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What is Critical Control Point in HACCP

In this short piece, we will try to cover what Critical Control Point means in HACCP. In one of our previous articles, we have talked about The HACCP System, Principles, Plan, Steps And Training Cost, but here we will talk about this other important aspect of HACCP; Critical Control Point.

What is Critical Control Point in HACCP

Let us start with what a control point is – A control point is any step at which biological, chemical, or physical factors can be controlled.

US Food and Drug Administration (FDA) defines a Critical Control Point as a step at which control can be applied and is essential to prevent or eliminate a food safety hazard or reduce it to an acceptable level.

So when we talk about “What Is Critical Control Point In HACCP“, we can say that its a step at which control can be applied which will be essential to prevent or eliminate a food safety hazard or reduce it to an acceptable level within the HACCP (Hazard Analysis and Critical Control Point) system.

Critical Control Points Examples

Let us consider some critical control points in the food industry. In a very brief recap, the Critical Control Points with acronym CCPs are specific steps or stages in the production process where control measures are applied to prevent, eliminate, or reduce significant food safety risks.

Here are five examples of critical control points in HACCP, along with explanations for each:

1. Cooking Temperature: Cooking is a critical control point because it helps eliminate harmful microorganisms like bacteria and parasites. The cooking temperature and time must be precisely controlled to ensure the food reaches a safe internal temperature. For example, poultry should reach at least 165°F (73.9°C) to kill pathogens like Salmonella and Campylobacter.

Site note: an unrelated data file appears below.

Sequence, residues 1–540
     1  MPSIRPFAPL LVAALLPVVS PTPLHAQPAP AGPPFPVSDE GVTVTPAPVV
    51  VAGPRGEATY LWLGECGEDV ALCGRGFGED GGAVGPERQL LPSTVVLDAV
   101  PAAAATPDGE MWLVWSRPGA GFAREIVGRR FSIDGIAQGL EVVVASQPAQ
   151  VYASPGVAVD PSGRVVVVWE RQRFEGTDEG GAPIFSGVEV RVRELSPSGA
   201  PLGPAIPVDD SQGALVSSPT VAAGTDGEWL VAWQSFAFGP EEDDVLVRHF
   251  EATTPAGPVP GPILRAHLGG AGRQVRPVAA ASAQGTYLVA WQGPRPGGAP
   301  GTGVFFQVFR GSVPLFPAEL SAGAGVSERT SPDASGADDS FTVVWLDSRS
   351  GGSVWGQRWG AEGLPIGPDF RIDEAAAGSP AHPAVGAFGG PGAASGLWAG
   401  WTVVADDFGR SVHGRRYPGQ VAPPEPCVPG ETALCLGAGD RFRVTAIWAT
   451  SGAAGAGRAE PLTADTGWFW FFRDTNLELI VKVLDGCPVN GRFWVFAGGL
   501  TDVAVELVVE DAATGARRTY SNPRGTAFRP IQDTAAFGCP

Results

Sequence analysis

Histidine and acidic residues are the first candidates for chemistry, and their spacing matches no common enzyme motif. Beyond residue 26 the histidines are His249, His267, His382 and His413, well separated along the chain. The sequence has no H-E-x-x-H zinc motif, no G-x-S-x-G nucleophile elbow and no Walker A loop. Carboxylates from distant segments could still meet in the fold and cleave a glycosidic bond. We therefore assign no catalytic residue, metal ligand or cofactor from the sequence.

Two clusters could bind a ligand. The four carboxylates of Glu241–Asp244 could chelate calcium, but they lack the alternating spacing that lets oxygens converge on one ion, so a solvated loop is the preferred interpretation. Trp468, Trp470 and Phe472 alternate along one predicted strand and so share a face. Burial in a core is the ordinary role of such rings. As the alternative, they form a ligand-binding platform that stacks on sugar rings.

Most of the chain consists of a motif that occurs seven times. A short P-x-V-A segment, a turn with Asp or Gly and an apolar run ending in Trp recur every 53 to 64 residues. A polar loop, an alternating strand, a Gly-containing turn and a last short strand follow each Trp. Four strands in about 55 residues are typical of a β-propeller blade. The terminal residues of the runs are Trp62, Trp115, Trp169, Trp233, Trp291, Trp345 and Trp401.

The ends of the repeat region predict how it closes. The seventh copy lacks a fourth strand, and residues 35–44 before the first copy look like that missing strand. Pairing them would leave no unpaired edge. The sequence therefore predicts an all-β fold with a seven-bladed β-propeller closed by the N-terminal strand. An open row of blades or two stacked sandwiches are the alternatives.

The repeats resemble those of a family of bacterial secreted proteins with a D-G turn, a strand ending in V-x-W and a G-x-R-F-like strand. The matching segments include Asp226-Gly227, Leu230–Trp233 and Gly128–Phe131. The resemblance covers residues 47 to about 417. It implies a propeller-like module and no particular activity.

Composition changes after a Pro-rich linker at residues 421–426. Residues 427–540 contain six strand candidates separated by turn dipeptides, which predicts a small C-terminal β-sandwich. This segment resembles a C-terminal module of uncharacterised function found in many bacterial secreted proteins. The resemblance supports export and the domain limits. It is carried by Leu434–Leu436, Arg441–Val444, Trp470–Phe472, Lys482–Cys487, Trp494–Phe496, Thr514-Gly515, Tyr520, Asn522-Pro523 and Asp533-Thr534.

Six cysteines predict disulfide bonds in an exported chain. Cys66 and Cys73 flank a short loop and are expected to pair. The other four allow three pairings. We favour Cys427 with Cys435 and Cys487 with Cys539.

2. Cooling and Refrigeration: Cooling and refrigeration are also crucial steps in preventing the growth of pathogenic bacteria. Food must be rapidly cooled from its cooking temperature to below 40°F (4.4°C) to inhibit bacterial growth. Controlling the cooling process and maintaining proper refrigeration temperatures are essential CCPs.

3. Cross-Contamination Prevention: Controlling cross-contamination is vital in preventing the spread of foodborne pathogens. At various points in food production, strict measures must be taken to prevent the transfer of pathogens from raw to ready-to-eat foods. For instance, handwashing and equipment sanitation are CCPs to ensure hygiene and prevent cross-contamination.

4. Raw Material Inspection: The inspection and testing of raw materials are essential to ensure they meet safety standards. Contaminated or substandard ingredients can introduce hazards into the production process. Monitoring the quality of incoming raw materials and verifying their safety is a critical control point.

5. Packaging and Storage: Packaging and storage conditions can impact food safety. Packaging must be intact to prevent physical contamination and maintain product integrity. Additionally, storage temperatures must be controlled to prevent spoilage and pathogen growth. Monitoring these factors during packaging and storage is crucial for food safety.

READ: Physical Hazards In Food

Critical control points in HACCP represent key stages where food safety risks are assessed and controlled, by identifying and closely monitoring these points, food producers can ensure the safety of their products and reduce the risk of foodborne illnesses for consumers. Each critical control point involves specific measures and controls tailored to the particular hazards associated with that stage of the production process, ultimately safeguarding the quality and safety of the food supply.

HACCP Plan & HACCP steps

There are 12 necessary steps for HACCP implementation, they are:

  1. Create the food safety team
  2. Describe the food in great detail
  3. Describe the intended consumer and how they are going to consume the food
  4. Diagram the process flow, from receiving to shipping
  5. Verify the process flow diagram
  6. Conduct a hazard analysis
  7. Determine critical control points
  8. Set critical limits
  9. Establish monitoring procedures
  10. Establish corrective actions
  11. Verify, then validate
  12. Establish good record keeping
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